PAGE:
Back in the 1970s, long before the phrase ‘high-tech start-up’ had even been invented, one of the most prominent spin-off success stories took shape. The company that emerged has become global metrology group Renishaw, but was originally set up to manufacture an invention by David McMurtry while he was assistant chief of engine design at Rolls-Royce’s Filton works.

Renishaw is now worth around £500m, and with McMurtry holding 36% of the shares, that makes his stake worth £180m. For once, a case of innovation reaping handsome rewards.

Back in 1972 McMurtry came up against a problem in checking the dimensions of some runs of 0.25in pipework for Concorde’s Olympus engines. Accurately measuring the pipe dimensions to make sure they would fit was impossible using the coordinate measuring machines of the day, because the pipe deflected under the pressure of the measuring probe. McMurtry mulled over the problem and over a weekend built a prototype of the first touch-trigger probe — which automatically detects when it makes contact with the pipe and freezes the measuring machine read-out at that point, allowing repeatable measurements to be taken. It soon became clear there would be a market for such probes.

The idea had been patented with McMurtry named as inventor, but with Rolls-Royce owning the rights. Because Rolls-Royce would assign rights to the patent only to a firm, not an individual, McMurtry and colleague John Deer set up Renishaw in 1973 to make the probes under licence from Rolls-Royce, which owned the patent.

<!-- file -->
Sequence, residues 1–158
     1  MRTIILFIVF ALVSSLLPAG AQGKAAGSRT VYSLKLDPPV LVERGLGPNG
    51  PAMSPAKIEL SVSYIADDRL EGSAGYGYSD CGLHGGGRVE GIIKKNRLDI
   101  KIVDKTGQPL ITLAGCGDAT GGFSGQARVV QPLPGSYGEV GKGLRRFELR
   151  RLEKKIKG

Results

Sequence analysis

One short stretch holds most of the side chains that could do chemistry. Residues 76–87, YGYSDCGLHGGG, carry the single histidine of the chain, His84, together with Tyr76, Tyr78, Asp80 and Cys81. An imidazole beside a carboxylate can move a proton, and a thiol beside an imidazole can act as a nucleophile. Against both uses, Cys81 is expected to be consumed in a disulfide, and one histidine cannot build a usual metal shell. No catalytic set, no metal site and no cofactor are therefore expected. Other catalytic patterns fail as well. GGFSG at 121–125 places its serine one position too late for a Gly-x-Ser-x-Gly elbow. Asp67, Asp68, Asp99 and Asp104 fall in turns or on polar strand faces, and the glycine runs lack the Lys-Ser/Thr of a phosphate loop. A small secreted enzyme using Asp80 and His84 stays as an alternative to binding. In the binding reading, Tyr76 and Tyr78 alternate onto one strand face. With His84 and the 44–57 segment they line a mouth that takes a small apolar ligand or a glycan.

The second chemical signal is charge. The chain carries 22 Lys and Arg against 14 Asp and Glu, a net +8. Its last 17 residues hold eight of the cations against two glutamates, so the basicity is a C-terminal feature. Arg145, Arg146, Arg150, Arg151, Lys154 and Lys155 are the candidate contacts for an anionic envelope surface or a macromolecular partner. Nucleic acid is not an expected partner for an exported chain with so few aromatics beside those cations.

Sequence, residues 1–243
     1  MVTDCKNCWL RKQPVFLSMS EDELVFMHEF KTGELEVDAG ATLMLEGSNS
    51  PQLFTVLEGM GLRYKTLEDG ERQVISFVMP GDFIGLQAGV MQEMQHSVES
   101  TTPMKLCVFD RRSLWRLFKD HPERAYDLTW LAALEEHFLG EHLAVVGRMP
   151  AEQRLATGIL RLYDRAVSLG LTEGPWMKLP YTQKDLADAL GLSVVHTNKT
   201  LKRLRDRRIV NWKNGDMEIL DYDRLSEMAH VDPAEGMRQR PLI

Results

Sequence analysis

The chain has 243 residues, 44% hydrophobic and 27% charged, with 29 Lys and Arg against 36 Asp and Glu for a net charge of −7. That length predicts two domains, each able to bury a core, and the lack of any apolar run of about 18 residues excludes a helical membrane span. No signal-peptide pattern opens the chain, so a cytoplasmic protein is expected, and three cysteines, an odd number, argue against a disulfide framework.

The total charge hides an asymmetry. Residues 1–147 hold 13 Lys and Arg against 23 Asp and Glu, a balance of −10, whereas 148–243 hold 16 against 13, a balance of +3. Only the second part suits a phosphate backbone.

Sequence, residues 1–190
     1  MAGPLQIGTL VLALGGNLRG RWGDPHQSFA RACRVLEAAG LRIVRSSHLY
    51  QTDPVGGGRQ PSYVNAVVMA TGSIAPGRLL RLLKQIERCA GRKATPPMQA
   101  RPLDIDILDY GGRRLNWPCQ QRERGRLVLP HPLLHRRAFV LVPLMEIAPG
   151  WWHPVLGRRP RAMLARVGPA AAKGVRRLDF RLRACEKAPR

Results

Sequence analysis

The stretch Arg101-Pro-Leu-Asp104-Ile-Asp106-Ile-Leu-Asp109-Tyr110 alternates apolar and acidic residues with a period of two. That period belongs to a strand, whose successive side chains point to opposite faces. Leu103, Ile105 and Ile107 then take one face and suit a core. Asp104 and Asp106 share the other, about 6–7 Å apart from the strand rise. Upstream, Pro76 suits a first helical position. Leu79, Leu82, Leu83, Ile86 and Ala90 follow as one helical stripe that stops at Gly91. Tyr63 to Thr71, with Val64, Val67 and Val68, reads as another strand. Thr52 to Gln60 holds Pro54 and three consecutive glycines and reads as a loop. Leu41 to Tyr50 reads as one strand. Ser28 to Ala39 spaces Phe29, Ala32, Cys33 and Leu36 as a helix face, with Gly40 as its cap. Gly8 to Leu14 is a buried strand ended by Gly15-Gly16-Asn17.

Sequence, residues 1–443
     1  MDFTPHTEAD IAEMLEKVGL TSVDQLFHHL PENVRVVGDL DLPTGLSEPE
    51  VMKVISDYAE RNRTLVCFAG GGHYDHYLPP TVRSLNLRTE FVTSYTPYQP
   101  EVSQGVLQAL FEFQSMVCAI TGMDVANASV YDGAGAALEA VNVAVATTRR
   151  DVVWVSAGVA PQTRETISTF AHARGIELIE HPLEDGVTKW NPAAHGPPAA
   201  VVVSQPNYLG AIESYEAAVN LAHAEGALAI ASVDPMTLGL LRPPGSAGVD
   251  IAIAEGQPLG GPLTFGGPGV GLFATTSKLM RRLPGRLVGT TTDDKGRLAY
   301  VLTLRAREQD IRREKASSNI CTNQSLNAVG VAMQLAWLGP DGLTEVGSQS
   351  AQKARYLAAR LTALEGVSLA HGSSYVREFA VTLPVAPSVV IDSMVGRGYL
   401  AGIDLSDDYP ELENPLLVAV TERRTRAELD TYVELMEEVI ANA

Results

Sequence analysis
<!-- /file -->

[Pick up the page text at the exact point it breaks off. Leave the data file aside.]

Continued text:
Rolls-Royce was paid a royalty, but did not take a stake in the business. In the mid-1970s, joint ownership of the patents was agreed, and eventually Renishaw bought out Rolls-Royce’s stake completely. Since then, Renishaw has continued to develop innovative measurement devices, and now has a £100m turnover and 1,400 employees worldwide.

Sidebar: BT’s Truth is first spin-off

Truth Consulting & Technology is the first employee-generated spin-off BT has launched, but is a pattern the telecoms company hopes to repeat with its Brightstar initiative.

Truth, which was unveiled in April, develops and markets network testing, monitoring and emulation tools. The company originated from BT’s Adastral Park research and development centre, where software engineers Michael Skingsley, Kevin Smith and Tony Dann initially came up with the concept in early 1998. Skingsley is now working as chief technology officer at Truth.

During November, Truth won a contract with Motorola that involves developing a downloadable internet protocol emulator for Motorola to enable it to develop, test and tune how new applications are likely to work on the next-generation general packet radio service phones.